Meanwhile, only eight firms said that they did not offer staff sabbaticals and only 14 offered them to some, rather than all, employees.
Communication and involvement with employees seems to have been a major factor since the initial recession hit in 2008/9: with firms realising they had to make cuts, they also realised they needed to make a greater effort to engage with those employees who were left. Many firms mentioned the fact that they had stepped up internal communication: for instance, LSI Architects, faced with a 15% reduction in staff over three years, made financial updates to employees monthly rather than six monthly. At engineer NG Bailey chief executive David Hurcomb embarked on an annual “roadshow” where he visited employees across the country to keep them up to date with what was going on with the company.
Certainly, creating a sense of “belonging” seems important, more so ownership. Employees of Make cited the fact that it was 100% employee owned as one reason for job satisfaction, with one describing the atmosphere of the firm as “egalitarian”. Other firms on the list have also entered into share ownership and profit-share schemes.
Many companies have worked out the benefit of investing in their best resource - the people working for them. The average number of hours spent on training, per employee, per year, was 46 in this year’s survey, compared to 38 last year.
Whereas previous years have seen a marked interest in maintaining a skilled team, companies are increasingly looking to develop talent, whether it is fast-tracking internal employees to higher positions through mentoring schemes or attracting fresh blood.
There has been a move towards attracting graduates towards the sector with many on the list, including Cluttons, Max Fordham, Buro Four and Maber Architects, targeting them for recruitment and development. Other companies, like Ryder Architecture, run sponsorship schemes for graduates and generally there seems to be a renewed enthusiasm to sponsor employees’ further education, as well as allowing study-leave days.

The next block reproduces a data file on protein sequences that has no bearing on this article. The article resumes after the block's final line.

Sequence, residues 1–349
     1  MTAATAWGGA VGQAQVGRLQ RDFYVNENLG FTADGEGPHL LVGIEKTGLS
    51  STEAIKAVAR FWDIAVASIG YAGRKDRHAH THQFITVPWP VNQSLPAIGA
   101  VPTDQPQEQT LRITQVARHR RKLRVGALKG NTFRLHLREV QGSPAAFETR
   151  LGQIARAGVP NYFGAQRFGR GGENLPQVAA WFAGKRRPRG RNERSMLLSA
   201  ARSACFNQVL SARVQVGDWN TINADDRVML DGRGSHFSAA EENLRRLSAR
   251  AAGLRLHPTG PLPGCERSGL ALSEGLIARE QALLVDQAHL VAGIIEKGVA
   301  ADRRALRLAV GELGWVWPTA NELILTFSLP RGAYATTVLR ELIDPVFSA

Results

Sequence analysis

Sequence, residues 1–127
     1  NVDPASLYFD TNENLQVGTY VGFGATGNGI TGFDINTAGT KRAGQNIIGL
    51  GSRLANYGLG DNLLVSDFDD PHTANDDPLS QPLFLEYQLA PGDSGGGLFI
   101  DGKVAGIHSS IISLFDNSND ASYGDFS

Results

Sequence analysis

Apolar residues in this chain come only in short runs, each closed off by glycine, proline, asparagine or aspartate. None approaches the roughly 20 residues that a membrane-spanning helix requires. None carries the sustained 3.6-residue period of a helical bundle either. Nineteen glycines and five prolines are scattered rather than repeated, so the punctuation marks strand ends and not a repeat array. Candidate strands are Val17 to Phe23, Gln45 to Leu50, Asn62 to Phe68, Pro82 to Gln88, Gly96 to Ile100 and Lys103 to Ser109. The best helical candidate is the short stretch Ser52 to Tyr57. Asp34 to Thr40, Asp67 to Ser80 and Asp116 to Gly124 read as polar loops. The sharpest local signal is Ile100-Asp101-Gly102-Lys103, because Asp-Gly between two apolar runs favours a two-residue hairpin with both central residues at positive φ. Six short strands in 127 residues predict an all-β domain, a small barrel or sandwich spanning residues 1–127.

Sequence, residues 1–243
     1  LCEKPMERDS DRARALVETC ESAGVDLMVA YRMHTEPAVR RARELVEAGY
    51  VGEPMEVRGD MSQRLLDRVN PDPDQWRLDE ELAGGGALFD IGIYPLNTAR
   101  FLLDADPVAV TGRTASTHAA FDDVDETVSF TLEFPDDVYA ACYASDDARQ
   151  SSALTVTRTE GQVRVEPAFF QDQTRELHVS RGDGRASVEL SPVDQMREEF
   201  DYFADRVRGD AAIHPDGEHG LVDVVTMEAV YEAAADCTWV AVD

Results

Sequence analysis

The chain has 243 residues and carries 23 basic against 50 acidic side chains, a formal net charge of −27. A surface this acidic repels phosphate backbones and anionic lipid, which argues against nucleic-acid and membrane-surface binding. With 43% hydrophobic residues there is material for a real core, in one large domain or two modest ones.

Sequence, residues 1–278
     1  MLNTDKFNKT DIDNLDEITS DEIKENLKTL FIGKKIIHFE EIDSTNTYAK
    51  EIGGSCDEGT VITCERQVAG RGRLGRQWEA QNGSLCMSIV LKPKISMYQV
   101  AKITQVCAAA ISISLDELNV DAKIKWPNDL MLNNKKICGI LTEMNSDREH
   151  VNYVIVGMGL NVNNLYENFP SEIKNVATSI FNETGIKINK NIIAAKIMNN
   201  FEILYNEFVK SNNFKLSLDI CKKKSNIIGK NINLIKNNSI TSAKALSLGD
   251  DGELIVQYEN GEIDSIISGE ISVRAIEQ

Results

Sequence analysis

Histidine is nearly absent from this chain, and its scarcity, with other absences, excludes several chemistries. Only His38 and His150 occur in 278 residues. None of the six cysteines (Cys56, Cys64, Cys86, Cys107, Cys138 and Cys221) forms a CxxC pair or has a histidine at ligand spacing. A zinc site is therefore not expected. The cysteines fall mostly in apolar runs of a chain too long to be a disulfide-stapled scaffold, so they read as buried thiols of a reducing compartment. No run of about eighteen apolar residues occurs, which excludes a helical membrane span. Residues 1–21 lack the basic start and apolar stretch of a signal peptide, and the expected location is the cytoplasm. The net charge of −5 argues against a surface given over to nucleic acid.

CSR and social
On the social side, most firms maintain a healthy number of events including regular quiz and curry nights, Christmas parties and semi-regular socials. Some go the extra mile (Paul Davis + Partners offers yoga, shiatsu massage and life drawing classes).
Although some companies on the list seem to restrict corporate social responsibility to work with an emphasis on sustainable building practices, others go the more traditional corporate route of charity fundraising - either by supporting employees with sponsorship or developing their own direct involvement. Some (including Rogers Stirk Harbour + Partners, Make and Mount Anvil) also direct a proportion of their profits to charitable causes.
Increasingly though, a number of firms list a major part of their CSR as engaging with schools and colleges, often in deprived areas, to try and mentor the students and instil in them the benefits of a career in construction.
As with the emphasis on training and, in particular, graduate recruitment and development, this shows something significant. That, in a time when a continuing recession raises fears about the industry facing a skills gap, being a good employer is not just about maintaining your current workforce - it is about seeking to develop the workers of tomorrow.